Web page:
A lot of people think that's it and that's when the disappointment comes in to realize you've
worked this hard and reached a certain level, but it's not really bringing you happiness and that it will not
last that long, especially for women in show business.
The first time I had that kind of
money and was madly in love, found someone I wanted
to marry, which I never thought I would, we spent
our money so foolishly. We lived really well though,
and being we were pretty much a couple of hicks
from the South, when I first saw our house we
got in Pasadena, I said, 'Oh honey, it's just
like Tara; we can't ever lose it.'
I was so happy there and put all my money into decorating it. It cost millions just to keep it
up and I thought this is how life is going to be, which is stupid because you're not both going to be on hit
sitcoms the rest of your life.
Bankrate: I know at one point, you two had homes in Telluride, New
Orleans and L.A. Do you still?
Delta Burke: No, we sold Telluride really close to when we got
married. We bought too many properties and it cost so much to keep up the houses -- it took a couple of million
to keep up the house and grounds. Then you've got people -- assistants and all the others you're paying -- at
$400,000 a year. We were both taking care of our families, too.
We only have the L.A. home now.
And it was really hard because once you've had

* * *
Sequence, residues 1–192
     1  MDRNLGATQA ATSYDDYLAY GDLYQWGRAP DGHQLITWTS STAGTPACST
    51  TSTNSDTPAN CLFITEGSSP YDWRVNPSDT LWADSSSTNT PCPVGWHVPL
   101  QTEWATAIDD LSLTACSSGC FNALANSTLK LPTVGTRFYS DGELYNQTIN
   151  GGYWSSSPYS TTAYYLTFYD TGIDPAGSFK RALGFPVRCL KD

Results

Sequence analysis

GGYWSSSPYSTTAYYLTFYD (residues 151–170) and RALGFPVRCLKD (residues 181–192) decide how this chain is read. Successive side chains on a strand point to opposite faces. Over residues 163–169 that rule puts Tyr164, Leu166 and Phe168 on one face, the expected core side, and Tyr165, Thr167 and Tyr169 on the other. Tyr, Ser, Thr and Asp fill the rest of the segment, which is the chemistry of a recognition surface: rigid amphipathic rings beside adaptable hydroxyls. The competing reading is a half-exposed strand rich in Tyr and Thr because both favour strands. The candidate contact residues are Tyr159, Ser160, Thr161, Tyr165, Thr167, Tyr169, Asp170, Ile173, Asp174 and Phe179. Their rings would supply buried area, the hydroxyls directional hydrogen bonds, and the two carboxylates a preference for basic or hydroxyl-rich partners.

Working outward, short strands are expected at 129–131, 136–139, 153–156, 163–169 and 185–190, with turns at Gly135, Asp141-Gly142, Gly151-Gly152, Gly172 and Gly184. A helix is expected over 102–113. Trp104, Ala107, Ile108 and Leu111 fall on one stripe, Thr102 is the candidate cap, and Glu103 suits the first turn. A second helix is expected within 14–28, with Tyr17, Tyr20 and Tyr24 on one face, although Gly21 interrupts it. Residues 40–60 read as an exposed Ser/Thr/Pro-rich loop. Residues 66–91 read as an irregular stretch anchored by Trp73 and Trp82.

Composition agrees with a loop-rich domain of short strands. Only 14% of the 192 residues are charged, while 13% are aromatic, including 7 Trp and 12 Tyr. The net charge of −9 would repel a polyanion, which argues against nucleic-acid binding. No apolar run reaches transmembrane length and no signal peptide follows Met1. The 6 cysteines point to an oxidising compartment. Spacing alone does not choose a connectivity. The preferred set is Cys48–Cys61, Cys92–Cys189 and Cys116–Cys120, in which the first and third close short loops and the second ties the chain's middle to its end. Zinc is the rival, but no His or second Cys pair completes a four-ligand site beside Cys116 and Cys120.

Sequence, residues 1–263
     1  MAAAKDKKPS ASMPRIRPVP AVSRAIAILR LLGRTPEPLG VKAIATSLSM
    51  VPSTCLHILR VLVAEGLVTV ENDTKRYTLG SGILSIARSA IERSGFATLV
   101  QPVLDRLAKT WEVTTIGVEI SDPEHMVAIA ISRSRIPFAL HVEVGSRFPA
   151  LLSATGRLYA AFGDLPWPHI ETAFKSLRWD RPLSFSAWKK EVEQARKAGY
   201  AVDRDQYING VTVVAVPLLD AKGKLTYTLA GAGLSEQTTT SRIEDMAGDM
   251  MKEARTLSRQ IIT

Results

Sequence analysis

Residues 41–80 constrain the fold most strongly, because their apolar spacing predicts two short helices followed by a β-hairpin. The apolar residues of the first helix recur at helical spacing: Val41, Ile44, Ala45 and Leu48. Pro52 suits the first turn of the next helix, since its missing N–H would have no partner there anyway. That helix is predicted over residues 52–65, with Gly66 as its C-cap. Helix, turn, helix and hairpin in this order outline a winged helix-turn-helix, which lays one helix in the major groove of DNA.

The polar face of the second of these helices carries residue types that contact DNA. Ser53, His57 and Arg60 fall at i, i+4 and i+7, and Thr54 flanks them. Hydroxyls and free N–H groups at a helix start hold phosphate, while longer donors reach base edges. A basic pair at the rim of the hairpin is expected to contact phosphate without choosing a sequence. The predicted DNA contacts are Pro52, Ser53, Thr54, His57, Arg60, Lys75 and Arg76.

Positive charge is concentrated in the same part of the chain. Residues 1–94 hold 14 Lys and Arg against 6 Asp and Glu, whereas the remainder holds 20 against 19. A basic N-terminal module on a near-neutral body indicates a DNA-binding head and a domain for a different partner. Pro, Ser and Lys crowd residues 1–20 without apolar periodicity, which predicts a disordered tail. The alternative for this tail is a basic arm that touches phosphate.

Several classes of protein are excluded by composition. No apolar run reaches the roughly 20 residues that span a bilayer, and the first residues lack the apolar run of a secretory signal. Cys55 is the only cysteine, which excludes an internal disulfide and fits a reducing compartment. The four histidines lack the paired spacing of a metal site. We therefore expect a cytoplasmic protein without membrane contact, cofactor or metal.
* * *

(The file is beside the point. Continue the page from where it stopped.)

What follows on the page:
a taste of it, you want to keep that lifestyle.
It's so bizarre at first -- I was so excited I
could buy a house at the end of the first season
of "Designing Women." Dixie Carter asked if I
had servants and I said no, I don't like people
in my house; I like my privacy. And she said oh
you must have them ... she had always had money
and servants. I got me a maid and, by golly, I
Finally you're at a point where you've got the maid, the cook, and you've got a lady who just
irons your bed sheets. You could finally buy that car you always coveted, which my agent later crashed when I
let him drive it. You could buy places for your parents and family and take care of them. I kept a lot of people
going. I was doing all the savings and all that stuff and you have your corporations and all that but we bought
too many properties. You can't keep it all up so piece by piece, it would go and that was hard.
I didn't want to leave Los Angeles, but Mac had been wanting to get out of L.A. for a long time.
That's when my clothing line started and I figured I'd devote the next few years to that so I went with it. Later
on, I thought I had to go back to L.A., but the business had changed so much. There weren't those TV movies anymore.
I don't know how anyone can feel financially secure enough in this business unless you have
multimillions. Now I'm 51 and my husband is 60, so you're in these different categories and not getting so
much work. But I'm looking forward to playing a lot of great old-lady parts once my vanity allows it.